come up with a cost of equity of 18%. The CFO of the firm is

concerned about the high cost of equity and wants to know whether

there is anything he can do to lower his beta.

How do you bring your beta down?

o Yes

o No

Aswath Damodaran 54

Beta Estimation and Index Choice

Aswath Damodaran 55

A Few Questions

n The R squared for Deutsche Bank is very high (57%), at least relative

to U.S. firms. Why is that?

n The beta for Deutsche Bank is 0.84.

• Is this an appropriate measure of risk?

• If not, why not?

n If you were an investor in primarily U.S. stocks, would this be an

appropriate measure of risk?

Aswath Damodaran 56

Deutsche Bank: To a U.S. Investor?

Aswath Damodaran 57

Deutsche Bank: To a Global Investor

Aswath Damodaran 58

Beta Estimation With an Index Problem

n The Local Solution: Estimate the beta relative to a local index, that is

equally weighted or more diverse than the one in use.

n The U.S. Solution: If the stock has an ADR listed on the U.S.

exchanges, estimate the beta relative to the S&P 500.

n The Global Solution: Use a global index to estimate the beta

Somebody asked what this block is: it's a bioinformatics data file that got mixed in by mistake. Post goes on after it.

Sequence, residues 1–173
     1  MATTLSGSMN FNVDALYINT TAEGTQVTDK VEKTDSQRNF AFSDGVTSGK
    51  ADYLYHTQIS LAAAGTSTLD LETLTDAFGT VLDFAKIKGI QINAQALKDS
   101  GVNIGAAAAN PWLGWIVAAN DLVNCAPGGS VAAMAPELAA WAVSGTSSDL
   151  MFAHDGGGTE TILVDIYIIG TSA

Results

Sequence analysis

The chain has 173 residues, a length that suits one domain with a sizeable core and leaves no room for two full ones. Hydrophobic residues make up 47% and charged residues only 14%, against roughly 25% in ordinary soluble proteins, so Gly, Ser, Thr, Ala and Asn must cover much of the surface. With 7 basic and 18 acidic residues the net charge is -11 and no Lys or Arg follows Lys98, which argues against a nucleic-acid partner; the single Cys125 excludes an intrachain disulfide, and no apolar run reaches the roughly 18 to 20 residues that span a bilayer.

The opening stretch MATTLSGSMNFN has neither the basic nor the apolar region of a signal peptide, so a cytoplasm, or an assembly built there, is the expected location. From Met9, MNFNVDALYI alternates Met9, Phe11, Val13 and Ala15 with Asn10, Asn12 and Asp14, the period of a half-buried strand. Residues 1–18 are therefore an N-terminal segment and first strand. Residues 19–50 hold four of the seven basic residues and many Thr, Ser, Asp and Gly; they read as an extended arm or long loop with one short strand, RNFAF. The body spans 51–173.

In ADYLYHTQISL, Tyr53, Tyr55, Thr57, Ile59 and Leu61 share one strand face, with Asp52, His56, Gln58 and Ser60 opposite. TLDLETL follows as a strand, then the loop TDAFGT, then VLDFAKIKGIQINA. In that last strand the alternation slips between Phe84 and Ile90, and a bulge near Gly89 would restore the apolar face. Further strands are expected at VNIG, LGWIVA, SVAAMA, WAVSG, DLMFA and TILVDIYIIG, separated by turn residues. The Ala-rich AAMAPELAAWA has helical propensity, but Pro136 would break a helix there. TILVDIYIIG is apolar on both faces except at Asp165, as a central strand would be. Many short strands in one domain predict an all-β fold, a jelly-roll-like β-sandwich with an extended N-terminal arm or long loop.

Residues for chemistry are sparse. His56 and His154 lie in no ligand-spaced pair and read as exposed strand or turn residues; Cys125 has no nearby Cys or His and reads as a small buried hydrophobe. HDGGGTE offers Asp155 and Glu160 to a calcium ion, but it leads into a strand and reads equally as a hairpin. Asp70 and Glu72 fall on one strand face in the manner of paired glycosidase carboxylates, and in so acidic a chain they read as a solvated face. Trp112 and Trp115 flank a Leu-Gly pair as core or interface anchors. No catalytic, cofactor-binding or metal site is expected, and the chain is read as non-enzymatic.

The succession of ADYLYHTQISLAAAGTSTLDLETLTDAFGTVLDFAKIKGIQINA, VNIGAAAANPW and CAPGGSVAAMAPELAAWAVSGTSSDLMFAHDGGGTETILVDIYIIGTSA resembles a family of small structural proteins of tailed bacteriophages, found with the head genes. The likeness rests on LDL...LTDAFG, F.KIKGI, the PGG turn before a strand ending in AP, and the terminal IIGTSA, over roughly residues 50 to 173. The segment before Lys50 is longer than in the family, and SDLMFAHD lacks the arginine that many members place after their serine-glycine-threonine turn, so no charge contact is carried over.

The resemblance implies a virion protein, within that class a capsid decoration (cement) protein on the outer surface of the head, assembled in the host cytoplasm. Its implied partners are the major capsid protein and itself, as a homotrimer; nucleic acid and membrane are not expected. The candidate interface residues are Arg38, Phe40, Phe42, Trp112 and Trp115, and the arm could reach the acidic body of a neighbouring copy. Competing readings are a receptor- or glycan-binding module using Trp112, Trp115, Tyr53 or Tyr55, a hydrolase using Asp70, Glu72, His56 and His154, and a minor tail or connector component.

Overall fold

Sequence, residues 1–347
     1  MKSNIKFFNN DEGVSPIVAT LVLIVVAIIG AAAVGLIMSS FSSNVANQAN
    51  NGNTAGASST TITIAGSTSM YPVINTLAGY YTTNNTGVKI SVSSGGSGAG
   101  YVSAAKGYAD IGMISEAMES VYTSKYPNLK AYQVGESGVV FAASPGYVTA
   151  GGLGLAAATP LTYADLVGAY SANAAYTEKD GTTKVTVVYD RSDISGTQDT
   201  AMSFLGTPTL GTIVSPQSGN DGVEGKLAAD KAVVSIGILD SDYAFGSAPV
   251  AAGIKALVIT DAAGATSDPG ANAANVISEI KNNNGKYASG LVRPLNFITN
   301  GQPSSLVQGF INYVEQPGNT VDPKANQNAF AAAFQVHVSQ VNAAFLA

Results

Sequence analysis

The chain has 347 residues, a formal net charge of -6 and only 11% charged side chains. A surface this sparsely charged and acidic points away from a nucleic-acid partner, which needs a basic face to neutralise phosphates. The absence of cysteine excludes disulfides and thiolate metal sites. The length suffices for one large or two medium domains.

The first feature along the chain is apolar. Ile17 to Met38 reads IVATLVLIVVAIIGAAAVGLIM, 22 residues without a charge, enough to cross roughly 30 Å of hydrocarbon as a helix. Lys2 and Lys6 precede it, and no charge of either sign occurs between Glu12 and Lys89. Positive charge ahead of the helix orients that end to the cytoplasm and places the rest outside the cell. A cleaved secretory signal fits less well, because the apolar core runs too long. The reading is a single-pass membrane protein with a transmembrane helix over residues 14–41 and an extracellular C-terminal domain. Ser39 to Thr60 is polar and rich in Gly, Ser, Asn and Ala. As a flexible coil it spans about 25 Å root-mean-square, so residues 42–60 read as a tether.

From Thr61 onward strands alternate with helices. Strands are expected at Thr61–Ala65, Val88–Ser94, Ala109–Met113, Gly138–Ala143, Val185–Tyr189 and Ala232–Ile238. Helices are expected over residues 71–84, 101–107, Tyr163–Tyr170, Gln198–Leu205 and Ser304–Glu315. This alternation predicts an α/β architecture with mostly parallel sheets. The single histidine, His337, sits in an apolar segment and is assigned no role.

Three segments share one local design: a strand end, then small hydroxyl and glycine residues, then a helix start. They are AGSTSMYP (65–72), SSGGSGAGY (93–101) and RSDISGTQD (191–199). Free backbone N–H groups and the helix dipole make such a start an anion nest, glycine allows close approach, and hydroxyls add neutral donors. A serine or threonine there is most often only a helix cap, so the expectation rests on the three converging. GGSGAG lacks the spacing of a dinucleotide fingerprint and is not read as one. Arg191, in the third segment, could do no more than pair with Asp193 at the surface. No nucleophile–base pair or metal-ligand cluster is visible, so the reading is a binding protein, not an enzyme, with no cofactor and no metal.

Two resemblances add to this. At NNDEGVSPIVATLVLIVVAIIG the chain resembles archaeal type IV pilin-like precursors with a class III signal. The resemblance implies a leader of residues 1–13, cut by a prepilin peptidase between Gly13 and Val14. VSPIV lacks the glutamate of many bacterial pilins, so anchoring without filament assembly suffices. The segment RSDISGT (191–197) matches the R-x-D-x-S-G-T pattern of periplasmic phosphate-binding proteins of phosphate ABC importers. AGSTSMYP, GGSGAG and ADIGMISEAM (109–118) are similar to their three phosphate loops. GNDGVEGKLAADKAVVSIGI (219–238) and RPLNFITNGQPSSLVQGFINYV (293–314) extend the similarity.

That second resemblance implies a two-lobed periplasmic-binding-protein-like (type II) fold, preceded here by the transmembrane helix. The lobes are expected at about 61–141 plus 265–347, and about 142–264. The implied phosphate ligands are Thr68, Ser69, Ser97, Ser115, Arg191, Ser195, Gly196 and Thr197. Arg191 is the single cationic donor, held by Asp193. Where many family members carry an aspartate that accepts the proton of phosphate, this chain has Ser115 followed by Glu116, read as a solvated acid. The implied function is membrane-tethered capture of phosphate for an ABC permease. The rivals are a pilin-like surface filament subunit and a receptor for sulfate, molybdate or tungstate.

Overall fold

n An Alternative Solution: Do not use a regression to estimate the firm’s

beta.

Aswath Damodaran 59

Fundamental Determinants of Betas

products that are more discretionary to their customers will have

higher betas than firms that are in non-cyclical businesses or sell

products that are necessities or staples.

n Operating Leverage: Firms with greater fixed costs (as a proportion

of total costs) will have higher betas than firms will lower fixed costs

(as a proportion of total costs)

n Financial Leverage: Firms that borrow more (higher debt, relative to

equity) will have higher equity betas than firms that borrow less.

Aswath Damodaran 60

Determinant 1: Product Type

n Industry Effects: The beta value for a firm depends upon the

sensitivity of the demand for its products and services and of its costs

to macroeconomic factors that affect the overall market.

• Cyclical companies have higher betas than non-cyclical firms

• Firms which sell more discretionary products will have higher betas than

firms that sell less discretionary products

Aswath Damodaran 61

A Simple Test

investment will have?

o Much higher than one

o Close to one

o Much lower than one

Aswath Damodaran 62

Determinant 2: Operating Leverage Effects

n Operating leverage refers to the proportion of the total costs of the firm

that are fixed.

n Other things remaining equal, higher operating leverage results in

greater earnings variability which in turn results in higher betas.

Aswath Damodaran 63